Monday, September 9, 2019

"This Beachhead Earth!"


For a fleeting moment in time in late 1971, Marvel readers looked forward to their favorite comics being published with a larger page count each month, coinciding with a price increase of 10¢--which meant that all Marvel stories from that point on would no longer be limited to 20 pages, but would extend to 34-36 pages, with all books being bound on the spine rather than stapled. That change in course, as we know, vanished faster than you can say "after further consideration"... but for those few weeks, we were treated to a collection of titles which made anticipation of the following months' books practically register on the Richter scale for some of us, a spike in interest that the first Silver Surfer series would surely have coveted.

Having already covered the pertinent issues for Fantastic Four, Mighty Thor, and Invincible Iron Man, we turn now to the expanded Avengers story for that month, which moves the team closer to direct involvement in the Kree-Skrull War when they come into conflict with Skrull agents (including the Super-Skrull) who have plans not only for two Avengers (Quicksilver and the Scarlet Witch) but also for Captain Marvel. The Skrulls have already taken measures to gain their objectives by setting a trap for Mar-vell as well as disbanding the current active roster of the Avengers; but unknown even to the Skrulls, their actions have drawn the attention of four of the original Avengers, who have gathered at their headquarters to investigate.

And so, with the return of the Vision, the door is opened (with a THOOOM, at that) to a power-packed issue by Roy Thomas, Neal Adams, and Tom Palmer which will make inroads toward drawing the Earth into an interstellar conflict that will see two star-spanning empires at each others' throats, while also eventually forcing Rick Jones to play a pivotal role in their fate.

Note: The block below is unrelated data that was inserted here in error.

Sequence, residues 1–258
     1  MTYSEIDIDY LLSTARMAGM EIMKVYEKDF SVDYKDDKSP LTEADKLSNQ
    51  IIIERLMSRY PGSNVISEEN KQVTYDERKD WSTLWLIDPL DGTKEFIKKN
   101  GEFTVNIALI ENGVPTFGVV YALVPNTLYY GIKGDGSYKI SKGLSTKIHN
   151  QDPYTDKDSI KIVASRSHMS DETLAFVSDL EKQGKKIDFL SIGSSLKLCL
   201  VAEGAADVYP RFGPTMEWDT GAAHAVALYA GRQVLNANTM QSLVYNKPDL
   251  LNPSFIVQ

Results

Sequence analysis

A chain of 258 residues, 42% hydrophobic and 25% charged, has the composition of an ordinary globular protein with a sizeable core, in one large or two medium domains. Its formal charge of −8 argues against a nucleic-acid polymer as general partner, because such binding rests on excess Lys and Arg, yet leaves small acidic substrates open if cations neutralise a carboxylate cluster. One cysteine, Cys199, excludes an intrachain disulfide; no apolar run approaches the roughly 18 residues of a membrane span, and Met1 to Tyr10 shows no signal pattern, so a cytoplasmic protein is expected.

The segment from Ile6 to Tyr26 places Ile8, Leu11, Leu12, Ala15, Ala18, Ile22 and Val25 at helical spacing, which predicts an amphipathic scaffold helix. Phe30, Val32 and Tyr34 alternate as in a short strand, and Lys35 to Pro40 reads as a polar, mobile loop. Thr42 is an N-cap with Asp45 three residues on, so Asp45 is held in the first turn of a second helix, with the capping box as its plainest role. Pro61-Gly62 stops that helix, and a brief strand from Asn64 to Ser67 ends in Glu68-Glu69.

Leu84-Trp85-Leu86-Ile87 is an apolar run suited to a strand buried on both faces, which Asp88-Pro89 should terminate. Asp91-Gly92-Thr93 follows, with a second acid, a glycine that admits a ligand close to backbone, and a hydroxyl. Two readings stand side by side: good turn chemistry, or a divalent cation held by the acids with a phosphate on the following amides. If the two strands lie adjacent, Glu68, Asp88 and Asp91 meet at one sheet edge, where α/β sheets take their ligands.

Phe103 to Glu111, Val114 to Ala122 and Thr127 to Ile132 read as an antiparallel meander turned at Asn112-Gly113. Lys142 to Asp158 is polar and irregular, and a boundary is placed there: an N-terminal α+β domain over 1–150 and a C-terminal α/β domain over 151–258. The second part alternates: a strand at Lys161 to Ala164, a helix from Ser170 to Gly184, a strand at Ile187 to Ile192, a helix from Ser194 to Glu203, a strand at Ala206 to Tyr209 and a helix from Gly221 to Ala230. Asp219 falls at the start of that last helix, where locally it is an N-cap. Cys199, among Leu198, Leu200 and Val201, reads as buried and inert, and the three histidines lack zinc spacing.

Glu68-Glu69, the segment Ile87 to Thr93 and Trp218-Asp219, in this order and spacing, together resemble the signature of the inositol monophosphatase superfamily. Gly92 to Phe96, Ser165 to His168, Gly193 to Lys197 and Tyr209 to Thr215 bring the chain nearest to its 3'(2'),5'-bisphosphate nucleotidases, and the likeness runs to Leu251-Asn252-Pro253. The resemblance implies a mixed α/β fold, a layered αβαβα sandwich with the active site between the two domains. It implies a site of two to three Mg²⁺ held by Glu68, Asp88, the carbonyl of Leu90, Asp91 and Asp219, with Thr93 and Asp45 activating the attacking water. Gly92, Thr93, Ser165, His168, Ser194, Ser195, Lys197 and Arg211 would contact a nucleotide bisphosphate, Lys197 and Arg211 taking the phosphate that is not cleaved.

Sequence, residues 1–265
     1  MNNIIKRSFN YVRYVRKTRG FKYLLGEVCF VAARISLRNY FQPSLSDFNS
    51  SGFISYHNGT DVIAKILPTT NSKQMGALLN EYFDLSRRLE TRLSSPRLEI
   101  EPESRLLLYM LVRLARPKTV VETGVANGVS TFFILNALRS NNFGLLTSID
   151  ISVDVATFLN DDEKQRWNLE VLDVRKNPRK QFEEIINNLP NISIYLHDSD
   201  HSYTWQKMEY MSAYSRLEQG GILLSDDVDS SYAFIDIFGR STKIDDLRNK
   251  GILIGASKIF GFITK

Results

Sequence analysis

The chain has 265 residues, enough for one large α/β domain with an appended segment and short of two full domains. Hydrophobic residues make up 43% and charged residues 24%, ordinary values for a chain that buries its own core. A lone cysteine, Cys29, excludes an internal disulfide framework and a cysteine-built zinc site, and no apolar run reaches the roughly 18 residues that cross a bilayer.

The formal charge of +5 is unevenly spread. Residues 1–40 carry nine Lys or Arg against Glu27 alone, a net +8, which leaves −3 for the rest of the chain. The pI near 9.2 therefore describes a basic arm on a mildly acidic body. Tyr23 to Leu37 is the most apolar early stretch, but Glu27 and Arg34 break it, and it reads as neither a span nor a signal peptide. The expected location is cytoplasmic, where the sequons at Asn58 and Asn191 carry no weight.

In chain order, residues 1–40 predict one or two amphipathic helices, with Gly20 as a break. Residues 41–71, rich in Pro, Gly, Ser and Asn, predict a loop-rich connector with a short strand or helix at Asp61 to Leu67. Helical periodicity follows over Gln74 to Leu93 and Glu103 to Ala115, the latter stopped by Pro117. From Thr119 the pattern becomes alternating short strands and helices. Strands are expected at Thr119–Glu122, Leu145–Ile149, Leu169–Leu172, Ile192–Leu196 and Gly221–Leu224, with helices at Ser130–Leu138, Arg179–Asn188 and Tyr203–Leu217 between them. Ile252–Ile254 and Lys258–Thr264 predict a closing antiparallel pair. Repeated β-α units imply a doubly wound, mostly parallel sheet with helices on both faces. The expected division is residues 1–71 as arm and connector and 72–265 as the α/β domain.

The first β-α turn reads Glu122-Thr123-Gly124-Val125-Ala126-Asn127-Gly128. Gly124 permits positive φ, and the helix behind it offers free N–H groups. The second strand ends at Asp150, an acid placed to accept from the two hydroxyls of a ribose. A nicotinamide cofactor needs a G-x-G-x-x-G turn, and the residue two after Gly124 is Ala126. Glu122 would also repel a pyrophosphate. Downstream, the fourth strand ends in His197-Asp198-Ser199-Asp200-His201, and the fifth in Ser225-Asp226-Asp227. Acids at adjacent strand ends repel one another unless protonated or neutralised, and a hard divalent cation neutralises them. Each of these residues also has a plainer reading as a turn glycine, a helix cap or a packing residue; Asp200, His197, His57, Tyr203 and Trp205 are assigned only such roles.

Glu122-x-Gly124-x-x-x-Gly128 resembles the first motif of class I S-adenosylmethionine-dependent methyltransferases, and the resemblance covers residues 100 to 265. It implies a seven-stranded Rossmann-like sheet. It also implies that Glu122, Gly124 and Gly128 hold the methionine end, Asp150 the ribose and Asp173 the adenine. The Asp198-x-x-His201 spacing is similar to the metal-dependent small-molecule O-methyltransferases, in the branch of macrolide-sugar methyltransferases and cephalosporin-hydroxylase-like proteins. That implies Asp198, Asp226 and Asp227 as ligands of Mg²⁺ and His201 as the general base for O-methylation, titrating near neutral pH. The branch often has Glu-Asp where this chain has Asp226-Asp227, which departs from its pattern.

(Say, Mr. Adams--did you not get that memo on Iron Man's boot jets?)



Following the Vision's immediate collapse, the mystery of his disappearance as well as that of the other three missing Avengers might remain just that for Cap and the others, since the android's state mirrors death.  To examine the Vision in order to determine the extent of his condition, a specialist is needed--one whose timely arrival in response to Iron Man's call to assemble is no doubt welcome, given the nature of the task before him.





"...you wanted the original team to gather-by-the-river. It was Ant-Man then--so it's Ant-Man now." You're splitting hairs, Doctor. Just why did you decide to attend this meeting as Ant-Man?

If memory serves, this was the only time that Henry Pym would conduct an examination of the Vision from the inside, having previously (and thereafter) used whatever equipment was set up in Avengers Mansion for those exams (most notably for the extended time the Vision was inert following his contact with a null field surrounding the Baxter Building, a condition which would certainly have warranted Pym repeating the steps he pioneered here).




It's a fascinating visual sequence by Adams and Palmer--and a credit to Pym, whose worn self-confidence in later years could have been bolstered by this reminder of one of the many occasions which proved he deserved his place on the team, in a role that sets him apart from the might and resources of those three who in this instance could only stand and wait. As for what unexpected discovery Pym makes as he completes his work, neither he nor Thomas is talking--though later, many presumed that it was evidence of the Vision's construction decades ago, when Ultron didn't yet exist. But there isn't any reason for Pym to keep that secret, either from the Vision or the Avengers--is there?

At any rate, Pym departs when his work is finished, but assures that he'll return when needed--leaving the remaining three Avengers to answer for their summary dismissal of the Vision and the others from their ranks. And as the deception is revealed and notes are compared, the Vision relates the events which occurred at the upstate farm where Mar-vell and Carol Danvers had retreated to, and where the departed Avengers sought to join them--events made all the more incredible when those who confront them appear at first glance to be three members of a very well-known quartet.